There is no theoretical limit on the diversity of stories that can be represented, but there remains a question of who will be heard, and who determines this. This in turn influences the kind of stories that readers accept as plausible or valuable or true. When we hear a certain story, we make an assessment about its plausibility or credibility, and we like to think that we have a great antenna for the truth itself. But it may simply be that something “has the ring of truth” because it accords with other representations we’re already familiar with — it sounds like the right kind of story. “Truth” in narrative may appear through a circular, self-affirming process. The problem then: how do we open the doors of publishers, and thus the attention of readers, to a greater diversity of stories? This enters political debates as people recognise that their narratives have been suppressed along with their options.

Abdel-Magied’s response that the representational order is wide open to white males and white females, like Shriver, but not so open to anyone who is non-white, seems a little simplistic. There isn’t equal access, but the nature of publication has changed radically. Which is not to say that we’re there yet. But there are mechanisms by which people can be heard that previously weren’t possible, using self-publication through the internet and so on.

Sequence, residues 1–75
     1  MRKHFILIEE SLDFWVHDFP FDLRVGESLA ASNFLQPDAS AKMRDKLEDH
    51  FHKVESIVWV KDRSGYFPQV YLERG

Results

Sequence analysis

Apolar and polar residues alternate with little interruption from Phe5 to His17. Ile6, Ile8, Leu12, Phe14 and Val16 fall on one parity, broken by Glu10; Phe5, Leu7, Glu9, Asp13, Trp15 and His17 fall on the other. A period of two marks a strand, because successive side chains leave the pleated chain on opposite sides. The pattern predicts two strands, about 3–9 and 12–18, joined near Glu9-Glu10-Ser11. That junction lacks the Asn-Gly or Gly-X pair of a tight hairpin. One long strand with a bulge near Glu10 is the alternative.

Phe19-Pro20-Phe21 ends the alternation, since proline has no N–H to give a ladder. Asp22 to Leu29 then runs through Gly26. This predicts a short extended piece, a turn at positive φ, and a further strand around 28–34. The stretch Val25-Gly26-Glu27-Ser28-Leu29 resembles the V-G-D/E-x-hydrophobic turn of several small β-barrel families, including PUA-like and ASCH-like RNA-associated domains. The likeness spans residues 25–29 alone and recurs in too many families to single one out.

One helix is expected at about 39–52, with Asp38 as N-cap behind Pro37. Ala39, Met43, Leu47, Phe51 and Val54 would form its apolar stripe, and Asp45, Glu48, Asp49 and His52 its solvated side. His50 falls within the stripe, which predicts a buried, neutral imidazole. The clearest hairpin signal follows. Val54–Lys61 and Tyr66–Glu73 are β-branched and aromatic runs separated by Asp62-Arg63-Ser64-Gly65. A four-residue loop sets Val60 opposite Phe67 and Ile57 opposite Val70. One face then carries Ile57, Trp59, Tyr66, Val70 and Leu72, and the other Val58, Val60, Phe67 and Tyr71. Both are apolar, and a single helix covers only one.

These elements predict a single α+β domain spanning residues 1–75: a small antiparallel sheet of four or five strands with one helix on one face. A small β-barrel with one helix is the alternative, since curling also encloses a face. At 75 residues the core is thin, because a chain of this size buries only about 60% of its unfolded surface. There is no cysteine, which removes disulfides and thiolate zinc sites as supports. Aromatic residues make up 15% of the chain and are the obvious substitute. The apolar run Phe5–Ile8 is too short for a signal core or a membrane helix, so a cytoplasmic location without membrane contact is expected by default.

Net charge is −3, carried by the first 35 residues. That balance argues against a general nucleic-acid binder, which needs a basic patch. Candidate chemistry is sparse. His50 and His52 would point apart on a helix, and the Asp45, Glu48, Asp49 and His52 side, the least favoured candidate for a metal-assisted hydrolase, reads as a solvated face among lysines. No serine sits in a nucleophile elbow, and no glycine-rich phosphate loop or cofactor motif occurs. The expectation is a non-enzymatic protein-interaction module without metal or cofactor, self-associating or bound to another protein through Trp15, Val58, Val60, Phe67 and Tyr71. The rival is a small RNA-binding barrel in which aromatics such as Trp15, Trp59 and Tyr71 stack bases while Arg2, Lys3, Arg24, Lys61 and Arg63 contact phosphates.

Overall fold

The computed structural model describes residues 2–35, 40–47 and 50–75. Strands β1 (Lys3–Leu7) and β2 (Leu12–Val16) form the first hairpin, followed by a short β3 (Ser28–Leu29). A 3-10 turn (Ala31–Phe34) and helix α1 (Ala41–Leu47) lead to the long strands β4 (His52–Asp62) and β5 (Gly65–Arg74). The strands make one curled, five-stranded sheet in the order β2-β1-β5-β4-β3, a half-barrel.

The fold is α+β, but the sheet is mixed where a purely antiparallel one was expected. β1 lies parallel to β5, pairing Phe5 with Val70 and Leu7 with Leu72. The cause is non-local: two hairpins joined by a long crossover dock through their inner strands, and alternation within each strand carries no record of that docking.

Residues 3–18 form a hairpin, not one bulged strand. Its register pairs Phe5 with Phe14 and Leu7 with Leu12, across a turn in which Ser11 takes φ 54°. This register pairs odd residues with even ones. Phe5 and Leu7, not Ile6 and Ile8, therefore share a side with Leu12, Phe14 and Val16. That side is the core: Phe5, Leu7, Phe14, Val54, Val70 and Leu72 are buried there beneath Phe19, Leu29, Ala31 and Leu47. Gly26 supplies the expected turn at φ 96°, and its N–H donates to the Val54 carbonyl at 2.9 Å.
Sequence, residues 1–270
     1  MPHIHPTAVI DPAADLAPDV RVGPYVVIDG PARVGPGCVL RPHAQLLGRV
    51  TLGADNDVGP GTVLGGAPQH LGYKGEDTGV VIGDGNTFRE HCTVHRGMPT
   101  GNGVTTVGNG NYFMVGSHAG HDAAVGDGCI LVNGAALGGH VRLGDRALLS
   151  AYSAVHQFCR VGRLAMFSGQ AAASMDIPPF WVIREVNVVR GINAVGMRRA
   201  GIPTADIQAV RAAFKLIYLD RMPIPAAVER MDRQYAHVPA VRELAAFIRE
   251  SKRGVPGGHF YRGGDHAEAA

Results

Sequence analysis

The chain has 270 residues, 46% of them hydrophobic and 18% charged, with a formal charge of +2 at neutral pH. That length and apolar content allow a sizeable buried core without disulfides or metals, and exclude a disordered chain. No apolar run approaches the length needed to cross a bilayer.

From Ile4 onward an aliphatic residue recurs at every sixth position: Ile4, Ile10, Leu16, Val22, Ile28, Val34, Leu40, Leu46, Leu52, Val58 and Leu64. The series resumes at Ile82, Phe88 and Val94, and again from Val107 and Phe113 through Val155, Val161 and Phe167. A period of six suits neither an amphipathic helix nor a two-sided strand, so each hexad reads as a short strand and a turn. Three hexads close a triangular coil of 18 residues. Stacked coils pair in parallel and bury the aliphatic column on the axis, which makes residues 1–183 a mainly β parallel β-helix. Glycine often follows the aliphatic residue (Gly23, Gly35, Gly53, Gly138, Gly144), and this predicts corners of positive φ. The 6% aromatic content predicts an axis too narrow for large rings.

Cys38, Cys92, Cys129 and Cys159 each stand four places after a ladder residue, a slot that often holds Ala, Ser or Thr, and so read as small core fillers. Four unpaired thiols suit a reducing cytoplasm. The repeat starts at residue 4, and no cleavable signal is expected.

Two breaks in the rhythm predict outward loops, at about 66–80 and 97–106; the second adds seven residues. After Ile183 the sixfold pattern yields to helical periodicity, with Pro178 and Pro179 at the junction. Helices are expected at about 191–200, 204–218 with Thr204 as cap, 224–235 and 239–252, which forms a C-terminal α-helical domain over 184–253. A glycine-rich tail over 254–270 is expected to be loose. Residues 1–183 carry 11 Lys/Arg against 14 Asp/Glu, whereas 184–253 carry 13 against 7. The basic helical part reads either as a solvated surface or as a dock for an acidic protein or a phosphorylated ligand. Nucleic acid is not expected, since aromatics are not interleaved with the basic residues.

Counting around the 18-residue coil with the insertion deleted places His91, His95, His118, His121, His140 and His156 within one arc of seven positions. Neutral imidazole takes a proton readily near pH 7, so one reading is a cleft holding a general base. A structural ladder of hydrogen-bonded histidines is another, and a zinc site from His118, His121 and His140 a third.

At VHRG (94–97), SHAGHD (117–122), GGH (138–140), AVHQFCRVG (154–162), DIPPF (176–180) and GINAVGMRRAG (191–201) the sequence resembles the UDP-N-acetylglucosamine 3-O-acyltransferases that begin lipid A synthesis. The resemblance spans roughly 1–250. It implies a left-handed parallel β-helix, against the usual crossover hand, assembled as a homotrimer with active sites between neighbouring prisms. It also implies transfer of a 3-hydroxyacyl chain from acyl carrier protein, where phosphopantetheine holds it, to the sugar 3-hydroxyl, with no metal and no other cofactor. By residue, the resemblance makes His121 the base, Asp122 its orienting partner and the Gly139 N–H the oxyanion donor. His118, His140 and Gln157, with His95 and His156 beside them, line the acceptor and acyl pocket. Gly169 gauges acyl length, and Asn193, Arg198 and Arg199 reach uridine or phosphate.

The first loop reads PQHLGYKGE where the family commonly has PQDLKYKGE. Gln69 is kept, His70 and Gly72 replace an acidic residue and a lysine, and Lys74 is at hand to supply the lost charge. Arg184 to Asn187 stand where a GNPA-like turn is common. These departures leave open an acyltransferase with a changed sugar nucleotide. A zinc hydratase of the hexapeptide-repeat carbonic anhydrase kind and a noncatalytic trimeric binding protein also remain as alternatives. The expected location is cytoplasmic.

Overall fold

But how do we take seriously certain kinds of stories? I know that when I was teaching postcolonial literature, within the field there were those who felt that part of the mission (a term with an unfortunate history!) was a kind of affirmative action. Until we institutionalise the teaching and appreciation of unfamiliar stories (of an Igbo tribe in the pre-Christian era, say), until we start bringing them into the institution under the aegis of a department which in effect gives a work the stamp of disciplinary authority (if you’re studying something in an English department you’re invited to think of it as “serious literature”), we won’t open up some of the gateways to that appreciation of diversity.